July 17, 2018
“Why do we teach boys to be brave and girls to be perfect?”
This question was posed by Reshma Saujani during her Ted Talk where she discussed her observation that girls feel immense pressure to be perfect at what they do, and anything less is thought to be unacceptable.
It is not often that I come across a video that resonates with me to my core. But as Saujani continued her Talk, a realization came to me. I, Audra Weigand, used to be a perfection-seeking girl.
Anyone from my high school graduating class would tell you that I had a reputation for being an over-achiever, straight A student and a stellar student athlete. What many people didn’t know was that in my pursuit of perfection, I found myself trapped in a bubble of who I thought I needed to be and what I thought people expected of me.
It wasn’t until college rolled around that I started to realize the downsides of my perfectionistic tendencies. I spent an average of eight hours a day in the library studying. I worked long hours at my two on-campus jobs. I was constantly thinking about what was left on my to-do lists. And most weeks I barely had a spare minute to think about eating or getting ample sleep.
I was overstressed, overbooked and overworked. As a consequence, I was missing out. There were opportunities I could have exceeded at, if I allowed myself to be brave and push my perfectionistic tendencies aside.
As you can probably imagine, all of this stress and internal pressure cumulated into my diagnosis of having an anxiety disorder. Following my therapy, I realized for the first time in my life that I was not perfect and I never would be.
This news was hard to handle. I wasn’t used to failure. I wasn’t used to being uncomfortable. I wasn’t ready to accept that I couldn’t keep up the perfection façade for my entire life.
But this is where the bravery comes in.
I accepted my flaws. I accepted that things would not always be perfect. I realized that allowing myself to be vulnerable and truthful about my hardships were not a sign of weakness.
So what did I do about it? Well, I stopped working at one of my on-campus jobs because it wasn’t making me happy, I spent less time doing homework and took more time to re-connect with my friends. And I allowed myself to get grades that were less than an A. I gave myself permission to take a break.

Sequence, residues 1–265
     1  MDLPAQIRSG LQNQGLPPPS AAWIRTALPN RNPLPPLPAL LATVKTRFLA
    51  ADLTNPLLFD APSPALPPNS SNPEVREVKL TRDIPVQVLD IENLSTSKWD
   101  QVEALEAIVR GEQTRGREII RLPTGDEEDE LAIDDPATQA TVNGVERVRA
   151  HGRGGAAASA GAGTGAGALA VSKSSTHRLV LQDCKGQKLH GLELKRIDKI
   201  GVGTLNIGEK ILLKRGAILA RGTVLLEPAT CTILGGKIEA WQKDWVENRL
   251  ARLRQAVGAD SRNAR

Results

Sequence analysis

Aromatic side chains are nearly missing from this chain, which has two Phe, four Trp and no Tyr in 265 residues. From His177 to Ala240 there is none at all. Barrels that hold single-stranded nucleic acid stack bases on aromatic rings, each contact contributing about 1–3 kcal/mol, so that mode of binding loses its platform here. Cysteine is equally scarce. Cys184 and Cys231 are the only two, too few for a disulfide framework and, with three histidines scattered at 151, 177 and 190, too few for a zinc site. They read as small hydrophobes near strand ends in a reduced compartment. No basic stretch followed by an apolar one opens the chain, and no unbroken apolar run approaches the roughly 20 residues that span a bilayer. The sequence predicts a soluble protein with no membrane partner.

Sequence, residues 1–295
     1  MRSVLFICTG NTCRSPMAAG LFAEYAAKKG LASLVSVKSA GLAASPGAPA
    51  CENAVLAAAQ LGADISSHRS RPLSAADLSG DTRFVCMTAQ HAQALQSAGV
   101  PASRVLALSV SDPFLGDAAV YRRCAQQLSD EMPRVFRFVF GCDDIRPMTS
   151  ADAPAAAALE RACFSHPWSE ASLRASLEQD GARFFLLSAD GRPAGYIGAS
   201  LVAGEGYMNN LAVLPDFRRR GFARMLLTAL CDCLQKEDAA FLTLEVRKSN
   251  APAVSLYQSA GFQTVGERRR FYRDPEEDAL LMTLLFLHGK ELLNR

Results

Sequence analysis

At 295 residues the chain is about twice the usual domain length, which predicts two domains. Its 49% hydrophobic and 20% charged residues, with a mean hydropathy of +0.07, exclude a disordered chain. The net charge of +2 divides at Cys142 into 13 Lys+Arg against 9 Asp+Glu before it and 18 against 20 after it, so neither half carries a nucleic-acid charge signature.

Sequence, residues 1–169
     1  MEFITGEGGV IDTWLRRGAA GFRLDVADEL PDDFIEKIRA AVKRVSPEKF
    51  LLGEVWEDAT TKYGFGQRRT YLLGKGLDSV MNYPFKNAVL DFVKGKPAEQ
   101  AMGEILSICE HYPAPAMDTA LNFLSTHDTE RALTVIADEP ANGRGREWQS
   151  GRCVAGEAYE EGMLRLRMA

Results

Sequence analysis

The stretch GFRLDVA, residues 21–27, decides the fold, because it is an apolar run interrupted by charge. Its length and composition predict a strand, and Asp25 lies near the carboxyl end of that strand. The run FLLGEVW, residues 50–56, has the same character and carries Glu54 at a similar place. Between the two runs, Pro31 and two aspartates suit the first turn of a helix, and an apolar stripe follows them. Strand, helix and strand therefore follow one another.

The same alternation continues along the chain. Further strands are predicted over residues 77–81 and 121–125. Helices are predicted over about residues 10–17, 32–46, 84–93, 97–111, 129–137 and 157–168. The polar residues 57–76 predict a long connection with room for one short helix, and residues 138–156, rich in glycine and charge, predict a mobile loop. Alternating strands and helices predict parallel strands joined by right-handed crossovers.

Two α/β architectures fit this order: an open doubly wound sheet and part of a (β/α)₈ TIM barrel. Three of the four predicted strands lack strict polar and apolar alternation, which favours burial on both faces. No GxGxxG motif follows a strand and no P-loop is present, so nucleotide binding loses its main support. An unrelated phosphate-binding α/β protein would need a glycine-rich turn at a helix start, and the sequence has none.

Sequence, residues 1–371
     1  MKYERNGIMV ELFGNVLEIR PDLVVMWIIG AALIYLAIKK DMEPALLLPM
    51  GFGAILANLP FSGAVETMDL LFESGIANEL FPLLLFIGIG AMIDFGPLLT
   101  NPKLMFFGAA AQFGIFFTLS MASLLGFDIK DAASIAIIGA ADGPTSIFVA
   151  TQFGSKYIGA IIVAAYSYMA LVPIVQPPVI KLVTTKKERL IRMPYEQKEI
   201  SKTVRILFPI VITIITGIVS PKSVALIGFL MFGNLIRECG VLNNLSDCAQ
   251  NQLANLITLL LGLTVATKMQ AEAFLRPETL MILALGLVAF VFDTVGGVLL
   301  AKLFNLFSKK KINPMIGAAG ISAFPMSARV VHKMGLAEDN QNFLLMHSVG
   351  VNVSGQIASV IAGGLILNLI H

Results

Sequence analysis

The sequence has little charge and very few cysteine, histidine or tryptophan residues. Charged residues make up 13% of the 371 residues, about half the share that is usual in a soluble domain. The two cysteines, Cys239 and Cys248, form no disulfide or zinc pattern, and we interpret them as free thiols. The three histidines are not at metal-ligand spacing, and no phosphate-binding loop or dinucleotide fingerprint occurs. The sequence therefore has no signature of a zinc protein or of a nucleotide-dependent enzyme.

After this period of rejuvenation, I felt ready to be brave. I accepted a promotion with a student run-communications agency at the University of Minnesota. My new role with the organization pushed me outside of my comfort zone, as I didn’t have a background in marketing or PR. In fact, I am majoring in sociology and political science and I have plans to work with non-profits after graduation.
Which brings me to where I am now, a soon to be senior at the University of Minnesota working at Fast Horse as a summer intern and doing things I never thought I would be able to do. I am learning many transferable skills that I hope to use in the future to improve societal problems and inequalities.
Without making the decision to be brave, none of this would have happened. I wouldn’t have opened myself up to failure and wouldn’t have allowed myself to succeed.
As a woman and a future sociologist, I know there is a strong societal pressure for women to be perfect and appear like they have everything figured out. While I still have my bad days, I know that by choosing to be brave and imperfect, I am allowing myself to have lasting happiness, success and fulfillment. The workplace needs women who are willing to take risks, make mistakes and go beyond their area of expertise.
So, to other female-identifying individuals, I encourage you to do something that excites you and pushes you to the edge of your comfort zone. Who knows? Being brave may be one of the best decisions you ever make.